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  • Writer's pictureBrian Martin


April 09, 2020:

It’s always a struggle to try and find a captivating opening to a blog post, but even more so in times like these. How does one keep the positivity meter on the upswing when doctors, politicians, and news media are comparing the Corona Virus to WWII?

I mean sure, there are no bombs dropping on our heads and no physical destruction of property (yet, thankfully), but then again we are experiencing line ups for groceries, product rationing (or downright unavailability) due to shortages, and possible financial issues that will hurt the longer that this continues, but even more importantly, we are dealing with our own health issues and those of our loved ones hoping that somehow, we can all muddle through this with little to no personal impairment.

Costco Newton

I know, for me anyways, I’m doing my best to try and stay motivated as I plod along on my explorative journey, but I have to say that it has been a little bit of a struggle of late. You would think that with all of the supposed time I have on my hands that it would be no problem finding the hours needed to keep up on all of my inspired endeavors. You would be wrong. In fact, it’s quite the opposite, but that’s actually okay.

One of my acting coaches made a comment in an email that she sent out the other day, detailing some online courses being made available, suggesting as well though, that we should be careful not to fall into the “nonsense trap of super productivity” (like you might see on social media with everybody plying their wares) just because we’re at home and feel as though we should be doing something extra with our time.

That comment resonated with me more so because of how I constantly felt when I was working and was actually quite busy. It always seemed to me that I was missing out on the opportunities to hone my creativity because of my job demands. Then, when I retired, I dove straight into the artistic waters keeping the propeller gyrating at max revolutions. When the virus hit the propeller jammed, but the truth of it is, there is something to be learned here. A silver lining in the proverbial dark cloud.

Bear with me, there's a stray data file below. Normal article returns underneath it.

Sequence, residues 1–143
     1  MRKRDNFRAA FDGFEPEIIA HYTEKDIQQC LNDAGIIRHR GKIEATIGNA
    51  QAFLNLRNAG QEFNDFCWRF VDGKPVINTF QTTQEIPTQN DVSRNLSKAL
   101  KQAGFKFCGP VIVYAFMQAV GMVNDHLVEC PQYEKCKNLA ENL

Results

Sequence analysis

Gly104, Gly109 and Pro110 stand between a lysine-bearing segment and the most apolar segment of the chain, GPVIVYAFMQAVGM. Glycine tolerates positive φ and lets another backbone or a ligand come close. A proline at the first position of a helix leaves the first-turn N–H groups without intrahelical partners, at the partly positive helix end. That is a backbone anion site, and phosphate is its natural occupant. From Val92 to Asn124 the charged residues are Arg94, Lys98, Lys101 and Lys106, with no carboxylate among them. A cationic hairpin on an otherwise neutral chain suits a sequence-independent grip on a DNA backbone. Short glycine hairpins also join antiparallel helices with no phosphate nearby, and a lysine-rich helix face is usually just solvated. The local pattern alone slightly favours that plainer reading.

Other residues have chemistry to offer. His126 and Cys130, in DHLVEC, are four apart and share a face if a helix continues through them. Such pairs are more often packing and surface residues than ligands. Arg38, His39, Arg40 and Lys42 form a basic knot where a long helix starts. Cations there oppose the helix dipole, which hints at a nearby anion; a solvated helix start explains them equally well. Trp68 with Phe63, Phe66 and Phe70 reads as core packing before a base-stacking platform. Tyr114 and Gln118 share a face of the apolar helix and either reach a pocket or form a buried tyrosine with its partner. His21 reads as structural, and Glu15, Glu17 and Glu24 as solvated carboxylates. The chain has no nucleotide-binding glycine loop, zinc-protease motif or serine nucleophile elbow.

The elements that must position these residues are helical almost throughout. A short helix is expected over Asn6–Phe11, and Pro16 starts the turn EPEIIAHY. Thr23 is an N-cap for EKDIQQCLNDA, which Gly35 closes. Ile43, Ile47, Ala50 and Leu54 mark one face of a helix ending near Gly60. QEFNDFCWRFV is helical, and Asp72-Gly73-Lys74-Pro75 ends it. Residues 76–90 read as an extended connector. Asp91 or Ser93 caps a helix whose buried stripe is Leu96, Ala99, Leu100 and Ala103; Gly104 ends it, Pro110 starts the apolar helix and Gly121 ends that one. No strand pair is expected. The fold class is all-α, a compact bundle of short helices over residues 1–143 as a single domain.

Suddenly, now that there’s time to think (I mean real time), and yes, it is different for everyone, but I’m starting to realize in my own way, that when you break things down to the bare necessities, life can be enjoyably simple and that the desire for more can inevitably kill you.

I remember watching a motivational video once that begged the question “How badly do you want something?” The speaker brought up a hypothetical about someone (could be any of us, but let’s say it’s you) that was standing at the edge of the shoreline gazing out at the vast ocean and wanting whatever was out there (metaphorically speaking - could be money, success in business, fame?) bad enough to wade out into the water and go after it.

Of course, the ocean is cold, but you can see what you want, it’s out there and so you continue. Now the water has risen up past your chest as you wade forward and breathing is becoming a bit more laborious. Your body is starting to feel the effects of the icy temperature, “How badly do you want it?” (referring of course to whatever it is that you or anyone might want more than anything and are willing to do what it takes to get it).

Now the water is up to your chin, your body is unable to retain heat and you are on your tip toes, but what you want is right there, only just slightly outside your grasp. “How badly do you want it?”. You don’t know how to swim and it’s all you can do to keep your face from submerging into the frigid seawater as your toes now lose contact with the ocean floor. “How badly do you want it?”

You are now fully immersed. Your lungs are burning for oxygen and your body is shutting down from the loss of heat. This is your last chance to turn back. What you want is right there, but if you continue forward chances are you will drown. “How badly do you want it?”.

A lot of us are drowning and we don’t even realize it because sometimes the need for more blinds us to the fact that all we really need in life is to breathe. And that, to me anyways, is the silver lining lesson in the Covid 19 black cloud.

Until next time.

P.S. Thanks for reading and have a great Easter weekend.

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